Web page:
Design thinking is a solution-based approach to problem-solving. It is a process that draws upon logic, imagination, intuition, and systematic reasoning, to solve complex problems by exploring possibilities of what could be and create desired outcomes that benefit the end-user (customer). Solonia Teodros, co-founder of The Change School*, breaks down the science of design thinking and how any professional can benefit from it.
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August 6, 2018
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Design thinking can be leveraged as a business practice when shifting focus towards what people need, to observe them in their natural environment, to understand their lives, develop empathy, and uncover latent needs.
"A lot of times people don't know what they want until you show it to them"
— STEVE JOBS
Design thinking as a practice
A mindful practice of designing, developing and delivering products or services by:
Focusing on the customer - Understand their behaviour (what, when, where, why, how)
Establishing clear objectives - Aligned to customer needs (not just business goals)
Tapping into creativity - Encouraging collaboration and dialogue in the design and development phase
Rapid development and iteration - Embracing failure as an option
Listening to customer feedback - Refining solutions to best meet the needs of your customers
Design thinking as a method
Human-centered design involves a different starting point in the creation process. When evaluating new ideas, instead of asking "Can it be done?" or "Will it make money?", a design thinking approach forces you to first address what people need. It's about observing people in their environments to understand their lives, develop empathy, and uncover latent needs (anthropology). Good methods include co-design sessions, user research, interviews, and more.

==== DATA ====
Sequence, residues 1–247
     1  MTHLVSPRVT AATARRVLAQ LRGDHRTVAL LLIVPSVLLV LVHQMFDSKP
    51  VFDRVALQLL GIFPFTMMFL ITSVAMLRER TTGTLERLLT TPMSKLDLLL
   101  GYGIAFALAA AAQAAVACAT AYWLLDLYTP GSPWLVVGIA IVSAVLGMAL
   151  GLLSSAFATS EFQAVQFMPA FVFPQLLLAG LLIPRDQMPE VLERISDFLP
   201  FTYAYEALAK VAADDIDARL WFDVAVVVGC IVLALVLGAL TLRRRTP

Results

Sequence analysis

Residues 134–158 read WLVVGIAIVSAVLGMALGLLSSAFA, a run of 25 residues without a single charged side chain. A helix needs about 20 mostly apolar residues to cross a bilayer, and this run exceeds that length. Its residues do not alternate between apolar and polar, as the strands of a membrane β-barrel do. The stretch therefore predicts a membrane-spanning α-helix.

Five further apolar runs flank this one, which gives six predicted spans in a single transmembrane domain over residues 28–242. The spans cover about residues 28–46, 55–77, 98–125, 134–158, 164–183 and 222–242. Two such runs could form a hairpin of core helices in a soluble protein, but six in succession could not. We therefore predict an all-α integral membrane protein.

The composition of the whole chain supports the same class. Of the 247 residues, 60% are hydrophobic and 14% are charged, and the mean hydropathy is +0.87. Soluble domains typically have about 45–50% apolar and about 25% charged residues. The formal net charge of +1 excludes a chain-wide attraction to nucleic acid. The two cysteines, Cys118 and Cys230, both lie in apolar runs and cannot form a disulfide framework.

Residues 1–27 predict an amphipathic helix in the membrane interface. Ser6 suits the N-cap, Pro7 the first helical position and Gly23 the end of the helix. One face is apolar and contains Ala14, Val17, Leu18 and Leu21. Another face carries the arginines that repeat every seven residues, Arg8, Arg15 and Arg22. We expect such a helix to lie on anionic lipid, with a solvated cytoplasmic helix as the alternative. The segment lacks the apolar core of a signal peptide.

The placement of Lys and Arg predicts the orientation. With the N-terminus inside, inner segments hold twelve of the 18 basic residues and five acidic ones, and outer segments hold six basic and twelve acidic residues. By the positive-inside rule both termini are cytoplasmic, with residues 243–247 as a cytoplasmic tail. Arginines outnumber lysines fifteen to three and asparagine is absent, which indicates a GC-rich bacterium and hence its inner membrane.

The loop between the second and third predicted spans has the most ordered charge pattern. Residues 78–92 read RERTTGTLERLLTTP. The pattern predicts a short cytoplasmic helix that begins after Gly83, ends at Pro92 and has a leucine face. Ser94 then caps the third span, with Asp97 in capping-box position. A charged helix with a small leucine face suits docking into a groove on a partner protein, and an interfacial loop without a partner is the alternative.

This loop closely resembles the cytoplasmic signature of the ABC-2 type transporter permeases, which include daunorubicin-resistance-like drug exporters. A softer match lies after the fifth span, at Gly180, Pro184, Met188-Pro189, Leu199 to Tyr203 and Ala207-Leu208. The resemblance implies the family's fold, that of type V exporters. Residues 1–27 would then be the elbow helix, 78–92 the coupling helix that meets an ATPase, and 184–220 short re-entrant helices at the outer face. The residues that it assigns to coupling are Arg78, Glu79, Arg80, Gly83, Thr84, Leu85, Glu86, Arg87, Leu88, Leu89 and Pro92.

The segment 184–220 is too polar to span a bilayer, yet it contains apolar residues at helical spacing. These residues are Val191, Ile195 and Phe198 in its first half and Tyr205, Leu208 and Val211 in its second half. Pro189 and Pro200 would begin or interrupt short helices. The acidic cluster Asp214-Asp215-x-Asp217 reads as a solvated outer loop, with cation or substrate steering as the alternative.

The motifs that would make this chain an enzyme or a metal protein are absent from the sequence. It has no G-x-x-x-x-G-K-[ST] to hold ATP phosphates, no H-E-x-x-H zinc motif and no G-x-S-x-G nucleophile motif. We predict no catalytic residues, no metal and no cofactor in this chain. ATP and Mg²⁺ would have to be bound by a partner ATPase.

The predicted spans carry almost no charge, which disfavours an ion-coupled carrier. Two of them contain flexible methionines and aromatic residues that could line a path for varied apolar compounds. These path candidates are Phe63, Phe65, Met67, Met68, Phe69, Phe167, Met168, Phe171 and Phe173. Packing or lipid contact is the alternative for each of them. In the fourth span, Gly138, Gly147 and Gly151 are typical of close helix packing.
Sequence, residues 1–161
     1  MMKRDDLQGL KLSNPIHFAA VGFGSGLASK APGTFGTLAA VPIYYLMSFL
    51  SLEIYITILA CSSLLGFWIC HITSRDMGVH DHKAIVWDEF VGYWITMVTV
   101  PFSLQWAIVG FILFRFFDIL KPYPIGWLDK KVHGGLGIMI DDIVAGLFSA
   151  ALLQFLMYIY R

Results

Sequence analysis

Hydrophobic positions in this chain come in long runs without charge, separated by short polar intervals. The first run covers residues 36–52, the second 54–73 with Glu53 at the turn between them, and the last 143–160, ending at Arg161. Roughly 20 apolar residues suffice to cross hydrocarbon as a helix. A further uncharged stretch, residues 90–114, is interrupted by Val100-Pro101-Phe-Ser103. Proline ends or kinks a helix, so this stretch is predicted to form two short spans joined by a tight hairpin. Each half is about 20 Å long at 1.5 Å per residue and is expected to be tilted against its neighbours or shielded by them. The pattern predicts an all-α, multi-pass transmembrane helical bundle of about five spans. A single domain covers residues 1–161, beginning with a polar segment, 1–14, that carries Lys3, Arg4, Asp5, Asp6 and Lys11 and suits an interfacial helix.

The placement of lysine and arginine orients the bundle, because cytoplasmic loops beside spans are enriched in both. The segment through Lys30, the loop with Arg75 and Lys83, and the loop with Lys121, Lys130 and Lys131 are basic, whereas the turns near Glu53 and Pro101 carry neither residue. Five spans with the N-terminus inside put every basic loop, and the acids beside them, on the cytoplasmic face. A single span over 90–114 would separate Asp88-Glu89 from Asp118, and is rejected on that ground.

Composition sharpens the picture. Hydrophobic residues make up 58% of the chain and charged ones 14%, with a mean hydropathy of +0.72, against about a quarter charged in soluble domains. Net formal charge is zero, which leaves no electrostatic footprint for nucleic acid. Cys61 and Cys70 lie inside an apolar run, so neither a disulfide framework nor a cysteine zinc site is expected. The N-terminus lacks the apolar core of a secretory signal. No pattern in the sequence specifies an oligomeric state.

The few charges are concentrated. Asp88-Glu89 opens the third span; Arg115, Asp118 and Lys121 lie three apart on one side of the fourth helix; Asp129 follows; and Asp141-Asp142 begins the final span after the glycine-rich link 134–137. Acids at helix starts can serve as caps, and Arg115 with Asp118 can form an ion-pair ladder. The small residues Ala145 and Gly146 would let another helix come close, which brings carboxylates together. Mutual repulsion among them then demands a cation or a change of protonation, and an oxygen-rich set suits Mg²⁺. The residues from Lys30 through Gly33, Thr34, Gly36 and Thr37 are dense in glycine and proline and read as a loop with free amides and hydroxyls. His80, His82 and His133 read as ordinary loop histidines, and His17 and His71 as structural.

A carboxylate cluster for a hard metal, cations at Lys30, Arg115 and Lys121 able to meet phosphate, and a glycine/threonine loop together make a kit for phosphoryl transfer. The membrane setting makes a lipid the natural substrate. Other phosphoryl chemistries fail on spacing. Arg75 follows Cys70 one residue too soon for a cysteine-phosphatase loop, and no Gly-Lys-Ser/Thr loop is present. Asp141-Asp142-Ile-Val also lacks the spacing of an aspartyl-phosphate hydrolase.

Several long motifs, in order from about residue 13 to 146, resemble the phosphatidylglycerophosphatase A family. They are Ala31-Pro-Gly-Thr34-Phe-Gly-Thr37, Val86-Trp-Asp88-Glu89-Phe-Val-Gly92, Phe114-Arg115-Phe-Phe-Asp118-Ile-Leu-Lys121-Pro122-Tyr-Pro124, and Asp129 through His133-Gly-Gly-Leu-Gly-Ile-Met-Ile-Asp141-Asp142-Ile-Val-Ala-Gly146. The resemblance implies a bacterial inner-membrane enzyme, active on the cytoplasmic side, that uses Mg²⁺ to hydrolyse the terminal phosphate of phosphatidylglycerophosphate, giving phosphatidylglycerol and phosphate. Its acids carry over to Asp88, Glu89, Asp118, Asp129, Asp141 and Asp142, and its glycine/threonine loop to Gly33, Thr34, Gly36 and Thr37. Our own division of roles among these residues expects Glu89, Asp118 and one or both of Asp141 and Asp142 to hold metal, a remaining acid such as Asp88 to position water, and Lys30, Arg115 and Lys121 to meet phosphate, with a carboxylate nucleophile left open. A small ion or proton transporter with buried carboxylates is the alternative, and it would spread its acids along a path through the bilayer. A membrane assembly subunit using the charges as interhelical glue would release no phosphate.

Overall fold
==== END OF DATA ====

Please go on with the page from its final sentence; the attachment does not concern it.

Design thinking as a mindset
This brooches the topic of how to look at challenges around us. It is important to look at the world with a fresh sense of curiosity. Be a keen observer and pay close attention to the finer details. Frequently question why things are the way they are, or why people behave the way they do. Never accept a way of life purely through comfort and familiarity. A strong sense of empathy is also key in understanding the people you are designing for and seeing the world from their perspective. Challenging your assumptions about the status quo to explore: "How can this be done better?"
A good example of adopting this mindset is through this exercise. When tasked to draw an image of gifts, most people would draw box shaped presents. However, in reality people rarely ever give and receive gifts which conform to a box. Similarly, it's more relevant to try drawing a gift which you have actually received. Through this same thinking, there is a need to integrate design thinking into thought processes and business plans to ensure they are relevant and rightfully serve a need.
Solonia shares some valuable tools to enable design thinking. Visualisation or visual thinking pushes us beyond words to think nonverbally. Mind mapping is used to connect ideas, categorise them, and look for patterns and insights for key design criteria. Journey mapping traces the customer's "journey" when receiving a service, focusing on emotional highs and lows. Value chain analysis understands how an organization interacts with value chain partners to produce, market and distribute new offerings. Rapid prototyping allows us to make abstract new ideas tangible to potential partners and customers.
It is important to note that what we call a "problem" is often more a symptom of an underlying cause. When we dive in too quickly to fix a symptom, the effect will eventually come back or happen again. Instead, we need to address the root cause to create innovative solutions and design for change.
— SOLONIA TEODROS
*The Change School is an institution for embracing and navigating through change. They have enabled 1,000 plus people using products and tools, transformational experiences and online courses.
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